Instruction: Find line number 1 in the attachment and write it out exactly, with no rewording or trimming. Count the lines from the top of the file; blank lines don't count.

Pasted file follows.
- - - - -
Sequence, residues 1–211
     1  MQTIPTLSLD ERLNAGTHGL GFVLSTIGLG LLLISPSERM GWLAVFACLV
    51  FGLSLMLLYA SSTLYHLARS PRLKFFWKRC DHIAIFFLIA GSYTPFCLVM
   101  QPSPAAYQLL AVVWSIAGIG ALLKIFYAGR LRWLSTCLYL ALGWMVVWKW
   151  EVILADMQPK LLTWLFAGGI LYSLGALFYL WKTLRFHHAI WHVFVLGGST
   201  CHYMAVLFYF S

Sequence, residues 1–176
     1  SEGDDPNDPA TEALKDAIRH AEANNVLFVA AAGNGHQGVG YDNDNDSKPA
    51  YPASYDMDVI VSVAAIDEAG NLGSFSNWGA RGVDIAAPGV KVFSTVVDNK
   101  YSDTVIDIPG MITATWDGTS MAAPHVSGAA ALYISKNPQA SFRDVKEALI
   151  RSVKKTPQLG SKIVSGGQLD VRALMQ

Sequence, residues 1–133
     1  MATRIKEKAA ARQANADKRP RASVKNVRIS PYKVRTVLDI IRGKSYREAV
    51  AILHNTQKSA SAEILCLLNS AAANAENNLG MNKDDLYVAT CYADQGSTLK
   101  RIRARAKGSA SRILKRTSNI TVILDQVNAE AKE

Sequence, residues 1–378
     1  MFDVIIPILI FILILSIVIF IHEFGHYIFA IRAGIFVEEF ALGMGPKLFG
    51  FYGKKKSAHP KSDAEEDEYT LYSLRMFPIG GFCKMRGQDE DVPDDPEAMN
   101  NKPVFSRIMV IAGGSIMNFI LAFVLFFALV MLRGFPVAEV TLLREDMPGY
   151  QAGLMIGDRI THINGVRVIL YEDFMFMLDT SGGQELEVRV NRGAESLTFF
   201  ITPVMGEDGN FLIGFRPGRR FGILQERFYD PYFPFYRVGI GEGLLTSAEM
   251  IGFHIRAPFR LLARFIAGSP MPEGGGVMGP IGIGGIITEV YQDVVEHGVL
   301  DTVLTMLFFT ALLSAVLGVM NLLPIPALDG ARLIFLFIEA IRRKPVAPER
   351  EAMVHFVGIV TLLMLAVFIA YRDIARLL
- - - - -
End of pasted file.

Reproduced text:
Sequence, residues 1–211